Primary end point was overall survival (OS). Secondary end points were progression-free survival (PFS) and survival after progression, response rates, and toxicities. A strategy was defined a priori to compare survival curves between the 4 treatment groups: step 1: comparison between M-DEX and MP groups; step 2: comparison between DEX-IFN and DEX groups; step 3: comparison between M (melphalan) groups (MP and/or M-DEX) and DEX without M groups (DEX and/or DEX-IFN). For step 3, if a previous comparison at step 1 or 2 was clearly not significant (P > .20), the corresponding groups were collapsed before the comparison at step 3. Based on the primary end point, the number of patients to be randomized was estimated to be 173 per group, as follows: median survival time of 24 months in the MP group, power of 80% to detect an increase in median survival time of 12 months in a 2-sided test, type I error of 2% to ensure approximately a global type I error of 5% taking into account the number of comparisons according to the prespecified strategy, accrual time of 3 years with additional follow-up of 3 years. Assuming that 70% of enrolled patients could be analyzed, it was planned to enroll 800 patients.

Criteria of response

The achievement of any response required an improvement in bone pain and performance status, correction of hypercalcemia, and no increase in size or number of lytic bone lesions. A partial response required a reduction in the size of soft-tissue plasmacytomas, at least a 50% reduction in the level of the serum monoclonal protein, and a reduction in 24-hour urinary light chain excretion by 75% or more. A complete response required the absence of the original monoclonal protein in serum and urine by immunofixation, less than 5% plasma cells in a bone marrow aspirate, and disappearance of soft tissue plasmacytomas.

Progressive disease required one or more of the following: more than 25% increase in the level of the serum monoclonal protein, which must also be an absolute increase of at least 5 g/L and confirmed by at least one repeated investigation, more than 50% increase in the 24-hour urinary light chain excretion confirmed by at least one repeated investigation, definite increase in the size of existing bone lesions or soft-tissue plasmocytomas, development of new bone lesions or soft-tissue plasmacytomas, or development of hypercalcemia not attributable to any other cause. Patients not meeting the criteria of either partial or complete response or progressive disease were classified as having stable disease.

Statistical methods

Distributions of parameters evaluated at inclusion were compared globally between treatment groups through the χ2 test for categorical variables and Kruskal-Wallis rank test for continuous variables. Curves for OS, PFS, and survival after progression were calculated from randomization and from progression for the latter using the Kaplan-Meier method.9 Time to event (death, death or progression, and death after progression) was expressed as median plus or minus SE. Relative hazards of death (relative risk [RR]), progression or death, and death after progression, with 95% confidence interval (95% CI), were estimated through the proportional hazards model.10 The parameters evaluated at inclusion were analyzed for their prognostic value on OS from randomization, after stratification on treatment arm, through stepwise multivariate proportional hazards model, using forward selection with likelihood ratio test.11 In these prognostic analyses, each continuous variable was first divided into 5 categories at approximately the 20th, 40th, 60th, and 80th percentiles. If the relative death rates (ratio of the observed number of deaths to the expected number of deaths in each category, assuming no variation of death rate across categories) in 2 or more adjacent categories were not substantially different, these categories were collapsed.12,13 If no clear pattern was observed, the median was used as cutoff point. Usual limits (eg, 3 or 6 mg/L for c-reactive protein [CRP] level) were also tested. As a consequence, 2 to 3 categories were used for each continuous variable. After univariate analysis, all variables with a P value below .20 were proposed in several steps to multivariate analyses, first including all variables with no missing values and then proposing successively variables with an increasing number of missing values. At each step, stability of the previously derived model was checked and no further analysis was performed in case of instability. All analyses were performed on an intent-to-treat basis with SPSS software (Chicago, IL). The study was reviewed and approved by the institutional ethical committee of the University Hospital of Lille. Preliminary results of the trial analyzed to July 1, 1998, were reported in September 1999.14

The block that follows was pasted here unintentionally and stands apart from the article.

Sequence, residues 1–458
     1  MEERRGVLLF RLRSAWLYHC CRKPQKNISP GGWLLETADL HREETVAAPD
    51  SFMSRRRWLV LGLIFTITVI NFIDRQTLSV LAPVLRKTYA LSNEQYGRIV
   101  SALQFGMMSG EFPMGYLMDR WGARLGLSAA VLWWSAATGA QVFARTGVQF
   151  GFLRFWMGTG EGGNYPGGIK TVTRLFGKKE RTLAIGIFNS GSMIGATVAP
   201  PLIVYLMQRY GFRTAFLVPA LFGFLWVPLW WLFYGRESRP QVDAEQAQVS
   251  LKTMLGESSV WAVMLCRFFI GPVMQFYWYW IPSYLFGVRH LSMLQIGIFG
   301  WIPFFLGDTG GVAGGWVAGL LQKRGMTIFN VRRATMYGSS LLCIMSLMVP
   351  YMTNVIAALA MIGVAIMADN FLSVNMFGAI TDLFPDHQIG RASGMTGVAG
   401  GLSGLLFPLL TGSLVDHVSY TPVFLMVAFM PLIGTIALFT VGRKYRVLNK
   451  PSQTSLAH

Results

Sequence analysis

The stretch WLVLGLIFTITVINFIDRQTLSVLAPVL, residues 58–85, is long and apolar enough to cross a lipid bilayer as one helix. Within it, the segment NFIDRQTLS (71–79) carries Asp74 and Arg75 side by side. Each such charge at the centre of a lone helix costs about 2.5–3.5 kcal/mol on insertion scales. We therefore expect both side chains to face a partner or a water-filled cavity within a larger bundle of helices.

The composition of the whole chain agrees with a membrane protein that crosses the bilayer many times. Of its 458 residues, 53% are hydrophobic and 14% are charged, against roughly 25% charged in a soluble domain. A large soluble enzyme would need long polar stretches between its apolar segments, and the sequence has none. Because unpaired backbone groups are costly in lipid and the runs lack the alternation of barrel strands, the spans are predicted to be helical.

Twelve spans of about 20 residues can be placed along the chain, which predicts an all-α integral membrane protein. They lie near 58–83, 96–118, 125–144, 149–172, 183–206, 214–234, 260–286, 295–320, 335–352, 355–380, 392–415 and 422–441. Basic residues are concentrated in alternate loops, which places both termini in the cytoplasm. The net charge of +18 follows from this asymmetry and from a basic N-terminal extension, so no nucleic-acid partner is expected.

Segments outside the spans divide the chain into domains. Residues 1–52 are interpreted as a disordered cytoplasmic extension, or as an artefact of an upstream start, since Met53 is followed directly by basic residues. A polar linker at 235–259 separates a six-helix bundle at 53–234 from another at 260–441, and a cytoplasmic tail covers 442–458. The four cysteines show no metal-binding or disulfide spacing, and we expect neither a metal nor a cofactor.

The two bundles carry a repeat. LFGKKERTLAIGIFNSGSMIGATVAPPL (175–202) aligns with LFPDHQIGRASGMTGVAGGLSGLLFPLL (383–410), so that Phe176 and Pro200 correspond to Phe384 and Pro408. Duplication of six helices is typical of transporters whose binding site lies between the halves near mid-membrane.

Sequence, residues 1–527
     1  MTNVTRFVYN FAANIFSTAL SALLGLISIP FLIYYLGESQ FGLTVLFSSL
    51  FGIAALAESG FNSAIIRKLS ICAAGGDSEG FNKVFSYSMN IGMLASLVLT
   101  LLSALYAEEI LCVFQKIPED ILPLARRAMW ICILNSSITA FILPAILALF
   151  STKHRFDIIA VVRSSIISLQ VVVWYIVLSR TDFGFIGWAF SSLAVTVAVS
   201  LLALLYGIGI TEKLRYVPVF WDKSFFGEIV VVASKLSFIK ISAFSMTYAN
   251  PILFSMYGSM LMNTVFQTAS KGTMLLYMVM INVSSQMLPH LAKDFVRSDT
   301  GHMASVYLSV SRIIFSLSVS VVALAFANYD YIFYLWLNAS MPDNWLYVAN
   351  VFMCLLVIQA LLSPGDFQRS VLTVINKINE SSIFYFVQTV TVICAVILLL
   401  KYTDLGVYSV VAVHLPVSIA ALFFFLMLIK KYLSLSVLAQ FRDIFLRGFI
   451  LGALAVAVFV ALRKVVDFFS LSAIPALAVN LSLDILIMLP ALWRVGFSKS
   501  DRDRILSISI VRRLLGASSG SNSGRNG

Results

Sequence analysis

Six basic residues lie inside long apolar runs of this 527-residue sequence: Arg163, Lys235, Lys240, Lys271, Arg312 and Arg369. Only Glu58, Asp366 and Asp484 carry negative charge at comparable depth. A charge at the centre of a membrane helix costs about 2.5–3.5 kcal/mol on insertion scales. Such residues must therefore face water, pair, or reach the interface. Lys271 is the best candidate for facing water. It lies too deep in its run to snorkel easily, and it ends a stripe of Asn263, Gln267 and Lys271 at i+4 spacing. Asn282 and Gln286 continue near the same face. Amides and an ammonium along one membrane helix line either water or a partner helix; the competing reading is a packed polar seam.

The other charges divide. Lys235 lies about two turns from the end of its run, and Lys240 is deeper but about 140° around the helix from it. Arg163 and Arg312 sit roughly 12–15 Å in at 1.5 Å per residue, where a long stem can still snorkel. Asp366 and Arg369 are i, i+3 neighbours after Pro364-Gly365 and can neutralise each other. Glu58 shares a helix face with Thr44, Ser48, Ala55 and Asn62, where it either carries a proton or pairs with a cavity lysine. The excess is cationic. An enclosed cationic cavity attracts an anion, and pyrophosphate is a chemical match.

Results